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Expect the worst

Despite precautions, drivers at Talladega still

Posted: Thursday, October 03, 2002

TALLADEGA, Ala. -- They've tried everything at Talladega Super speedway to make the racing both exciting and safe.

But since Bobby Allison's car got airborne and nearly landed in the main grandstands in 1989, everything NASCAR has tried seems to backfire.

The sanctioning body has strangled speed from the engines, and it has added a variety of gadgets to the car bodies to make the car drive like it's pulling a parachute.

Now NASCAR hopes a smaller gas tank will help.

The new 13-gallon tank holds nine fewer gallons than a regular tank. In theory, a small tank means more pit stops and a greater chance the huge packs of traffic will break up into more small, more manageable groups.

But when it comes to racing at Talladega, the site of Sunday's EA Sports Thunder 500, everyone expects the worst. And more times than not, they get it.

''You're going to stop a lot,'' said car owner Bill Davis, who will have Dodges driven by Ward Burton and Kenny Wallace in the field. ''If there is a caution, everybody is going to stop and get bunched up, and that's when we have our problems. Plus, we're getting on and off pit road twice as often. That's certainly always a potential for problems. In theory, it's great. If it does what NASCAR intends for it to do and spreads everybody out, it'll be good.''

Races at Talladega have become a fan favorite because they often feature 30 cars in the lead pack, each in a nose-to-tail, door-to-door, three-wide, 10-deep traffic jam. Because there's no room to escape, one wiggle can easily turn into a 20-car pileup.

There was a 24-car melee on the backstretch during the April 21 Aaron's 499 at Talladega. And there was a 16-car crash in last year's EA Sports 500.

Two years ago at Talladega, however, Dale Earnhardt won with a stirring charge that took him from 16th place to Victory Lane in the last five laps. There were 49 leads changes among 21 drivers.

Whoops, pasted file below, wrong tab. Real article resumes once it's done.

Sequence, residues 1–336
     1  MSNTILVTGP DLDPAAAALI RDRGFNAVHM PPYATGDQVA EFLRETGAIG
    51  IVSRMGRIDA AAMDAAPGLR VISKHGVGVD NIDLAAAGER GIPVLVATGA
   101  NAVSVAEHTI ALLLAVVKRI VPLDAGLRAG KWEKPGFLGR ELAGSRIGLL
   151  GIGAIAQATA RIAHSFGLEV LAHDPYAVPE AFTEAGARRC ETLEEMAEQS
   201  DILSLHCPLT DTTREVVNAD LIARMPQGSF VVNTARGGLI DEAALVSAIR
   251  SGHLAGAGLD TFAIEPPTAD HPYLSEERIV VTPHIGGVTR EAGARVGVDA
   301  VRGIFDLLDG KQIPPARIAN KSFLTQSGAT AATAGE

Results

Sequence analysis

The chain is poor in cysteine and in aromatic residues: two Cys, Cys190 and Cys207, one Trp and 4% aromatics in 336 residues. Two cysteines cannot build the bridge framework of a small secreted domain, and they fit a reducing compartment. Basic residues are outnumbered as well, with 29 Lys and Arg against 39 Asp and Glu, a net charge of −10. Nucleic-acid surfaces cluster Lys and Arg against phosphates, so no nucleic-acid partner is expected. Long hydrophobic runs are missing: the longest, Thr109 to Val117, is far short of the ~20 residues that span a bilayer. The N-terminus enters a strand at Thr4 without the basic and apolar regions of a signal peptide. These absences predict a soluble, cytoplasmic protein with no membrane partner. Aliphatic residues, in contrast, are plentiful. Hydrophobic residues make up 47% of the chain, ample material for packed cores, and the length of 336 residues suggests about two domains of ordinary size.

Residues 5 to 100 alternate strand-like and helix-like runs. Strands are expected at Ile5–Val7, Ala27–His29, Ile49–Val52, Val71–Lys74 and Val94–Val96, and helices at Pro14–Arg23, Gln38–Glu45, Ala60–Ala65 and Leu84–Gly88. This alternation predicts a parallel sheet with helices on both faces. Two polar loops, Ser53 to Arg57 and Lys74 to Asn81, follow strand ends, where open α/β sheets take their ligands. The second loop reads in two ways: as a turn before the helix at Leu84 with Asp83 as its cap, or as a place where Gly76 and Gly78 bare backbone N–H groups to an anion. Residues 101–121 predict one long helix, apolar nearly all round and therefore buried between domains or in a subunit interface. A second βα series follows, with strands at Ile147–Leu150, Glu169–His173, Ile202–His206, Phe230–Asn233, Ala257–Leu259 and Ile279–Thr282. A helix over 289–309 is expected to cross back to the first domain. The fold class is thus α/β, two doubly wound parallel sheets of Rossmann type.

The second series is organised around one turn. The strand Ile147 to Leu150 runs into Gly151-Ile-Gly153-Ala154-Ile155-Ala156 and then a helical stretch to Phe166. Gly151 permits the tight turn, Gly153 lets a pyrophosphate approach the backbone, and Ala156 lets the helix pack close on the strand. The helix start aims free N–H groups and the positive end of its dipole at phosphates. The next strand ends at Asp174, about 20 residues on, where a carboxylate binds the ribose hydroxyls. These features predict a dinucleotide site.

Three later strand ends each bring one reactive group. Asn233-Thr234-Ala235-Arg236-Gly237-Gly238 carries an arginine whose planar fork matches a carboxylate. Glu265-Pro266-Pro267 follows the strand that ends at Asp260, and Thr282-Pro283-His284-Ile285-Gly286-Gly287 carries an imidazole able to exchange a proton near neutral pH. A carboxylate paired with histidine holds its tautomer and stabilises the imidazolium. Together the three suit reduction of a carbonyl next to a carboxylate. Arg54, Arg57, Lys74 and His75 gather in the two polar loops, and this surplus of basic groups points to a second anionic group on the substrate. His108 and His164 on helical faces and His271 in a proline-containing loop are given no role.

Fans love the action, along with the very real possibility of a big crash. Drivers, as expected, say the tension is excruciating.

The contenders for the NASCAR Winston Cup Series championship have dreaded this week's race for months. They view the race at the 2.66-mile race way as an anomaly, something totally different from what they normally do each weekend.

''You know that you're not going to be able to get out of the pack and that you're going to be stuck in the pack,'' points leader Jimmie Johnson said. ''When you strap yourself in, you know the odds aren't going to work in your favor. One of the times you strap yourself in there something's going to happen, and you're going to hit something hard.

'' I really try to put some positive energy out there and get the team to think the same way. If there's any truth to that (positive thinking), we'd like to make sure that that everybody on the team puts forth some creative thoughts toward us coming home with all the fenders on the car.''

Dale Earnhardt Jr., who has won the past two races at Talladega, said the fact that he's not in the points race will help him Sunday.

He doesn't have to worry about protecting his position in the standings, so he can be a little more aggressive in a race that often requires bold moves.

''I'm not in the points race so I'm not as nervous about it,'' he said. ''So I can go out there and take some more chances. I won't be as patient about it; I can go right to the front if my car will go there. I just like running the races there, even if you do get crashed out in a big mess. That's just what happens.''

Reach Don Coble at doncoble@bellsouth.net.



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